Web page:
Clot Retrieval for Stroke
‘Yes We Can,’ but Priority for Trials and Registries
Few controversies have generated as much heat as the questions surrounding the role of clot retrieval. A core issue in this debate is the licensing of clot retrieval devices based solely on Phase II evidence. Our protagonists have excelled themselves in fueling the debate; as always, we will take a measured middle ground!
In our careers, the proof of efficacy of intravenous tissue plasminogen activator has been an enormous advance, in large part because of the conclusive evidence of benefit and safety generated by a series of well-performed Phase III trials. Evidence-based medicine at its best! Given the relative simplicity of intravenous tissue plasminogen activator administration, this is likely to remain the first-line standard treatment.
However, in a comprehensive stroke center with a neurointerventional service, many would consider opening an occluded artery in a number of clinical scenarios. For example, when there is a proximal internal carotid artery occlusion within the 4.5-hour time window, when this time window is only modestly exceeded, particularly when penumbral imaging indicates the presence of substantial viable tissue or when there is no apparent response to tissue plasminogen activator although there is evidence of persisting arterial occlusion. In radiology review sessions with our colleagues and residents, successful recanalization is often impressive but may not be matched by a parallel clinical benefit. It is important that those of us referring patients for clot retrieval are forthright in their recognition of these uncertainties. The analogy with carotid stenting made by Schellinger and Hacke has validity.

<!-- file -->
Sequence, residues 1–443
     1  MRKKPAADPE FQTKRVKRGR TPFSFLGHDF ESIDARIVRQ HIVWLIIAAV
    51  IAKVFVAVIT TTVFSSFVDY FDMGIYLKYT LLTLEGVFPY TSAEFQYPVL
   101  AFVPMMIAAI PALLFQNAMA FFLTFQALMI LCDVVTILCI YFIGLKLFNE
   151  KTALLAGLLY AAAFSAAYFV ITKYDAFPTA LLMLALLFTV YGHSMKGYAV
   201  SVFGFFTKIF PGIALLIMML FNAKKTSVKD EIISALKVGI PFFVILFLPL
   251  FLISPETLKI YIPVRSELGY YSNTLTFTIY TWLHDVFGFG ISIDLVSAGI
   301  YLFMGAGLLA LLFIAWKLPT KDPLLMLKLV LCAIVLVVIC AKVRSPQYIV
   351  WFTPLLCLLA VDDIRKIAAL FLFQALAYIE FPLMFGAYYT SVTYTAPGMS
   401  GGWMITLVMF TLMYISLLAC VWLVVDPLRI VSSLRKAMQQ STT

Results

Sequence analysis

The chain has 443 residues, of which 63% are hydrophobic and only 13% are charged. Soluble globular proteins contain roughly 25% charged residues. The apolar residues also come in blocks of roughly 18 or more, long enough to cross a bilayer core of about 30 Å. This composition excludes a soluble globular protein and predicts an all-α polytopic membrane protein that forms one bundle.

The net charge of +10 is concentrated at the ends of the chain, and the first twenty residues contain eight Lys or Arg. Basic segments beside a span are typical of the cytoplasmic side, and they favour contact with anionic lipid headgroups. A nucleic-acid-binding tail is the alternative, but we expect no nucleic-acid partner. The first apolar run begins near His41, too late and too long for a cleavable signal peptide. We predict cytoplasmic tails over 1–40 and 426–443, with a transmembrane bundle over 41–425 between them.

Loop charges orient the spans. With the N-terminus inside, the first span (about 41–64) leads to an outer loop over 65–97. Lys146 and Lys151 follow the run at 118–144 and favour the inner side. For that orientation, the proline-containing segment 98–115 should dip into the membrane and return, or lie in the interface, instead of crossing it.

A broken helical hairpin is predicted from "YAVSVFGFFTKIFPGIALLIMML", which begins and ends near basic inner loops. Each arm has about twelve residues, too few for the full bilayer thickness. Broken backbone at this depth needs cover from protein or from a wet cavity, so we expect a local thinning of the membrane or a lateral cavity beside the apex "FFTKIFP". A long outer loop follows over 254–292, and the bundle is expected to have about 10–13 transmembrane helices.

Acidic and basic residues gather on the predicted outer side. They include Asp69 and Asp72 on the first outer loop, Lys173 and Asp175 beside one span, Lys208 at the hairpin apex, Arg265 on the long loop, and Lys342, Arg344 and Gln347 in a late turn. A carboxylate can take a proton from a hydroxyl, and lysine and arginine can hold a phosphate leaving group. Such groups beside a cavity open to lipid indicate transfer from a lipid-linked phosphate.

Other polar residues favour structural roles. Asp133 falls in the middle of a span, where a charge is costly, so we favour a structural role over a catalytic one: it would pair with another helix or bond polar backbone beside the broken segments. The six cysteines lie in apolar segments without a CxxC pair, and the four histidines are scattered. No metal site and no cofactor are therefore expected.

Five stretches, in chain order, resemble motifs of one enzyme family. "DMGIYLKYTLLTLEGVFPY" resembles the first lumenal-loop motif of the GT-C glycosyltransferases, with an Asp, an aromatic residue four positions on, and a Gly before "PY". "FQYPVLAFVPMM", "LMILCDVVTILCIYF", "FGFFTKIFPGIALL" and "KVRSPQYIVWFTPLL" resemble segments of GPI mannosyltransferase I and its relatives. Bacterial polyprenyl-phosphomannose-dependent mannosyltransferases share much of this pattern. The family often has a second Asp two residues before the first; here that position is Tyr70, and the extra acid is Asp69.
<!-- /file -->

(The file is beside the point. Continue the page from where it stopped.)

We do acknowledge that in a number of countries, the interventional cat is out of the bag and widespread unaudited clot retrieval is an expanding industry, in part driven by financial incentives. There is also the undeniable appeal of being able to visualize a recanalyzed artery. Although this unmonitored practice can be perceived as a threat, it is also an opportunity. As a minimum, we believe that all patients should have their data (including clinical indication, baseline imaging, time window, modality used, concurrent lytic therapies, mortality and symptomatic hemorrhage rate, recanalization success, and clinical outcome) recorded in a national or international registry. This should be the responsibility of investigators and national licensing bodies.
This does not in any way minimize the need for Phase III clinical trials to define the role of clot retrieval. We agree with Furlan that catheter-based trials are a methodological challenge. We should remember that these logistic issues have been successfully overcome by our cardiological colleagues and have been validated by Phase III trials for coronary artery occlusion.1 For acute stroke, we also agree that such trials will necessitate academic-industry collaboration on an international level and should take into account the heterogeneity of stroke in their design.2 Using these principles, we believe that such trials would be achievable. To quote President Barack Obama, “Yes, we can!” but registries and Phase III trials are essential.
- Received October 6, 2009.
- Accepted October 7, 2009.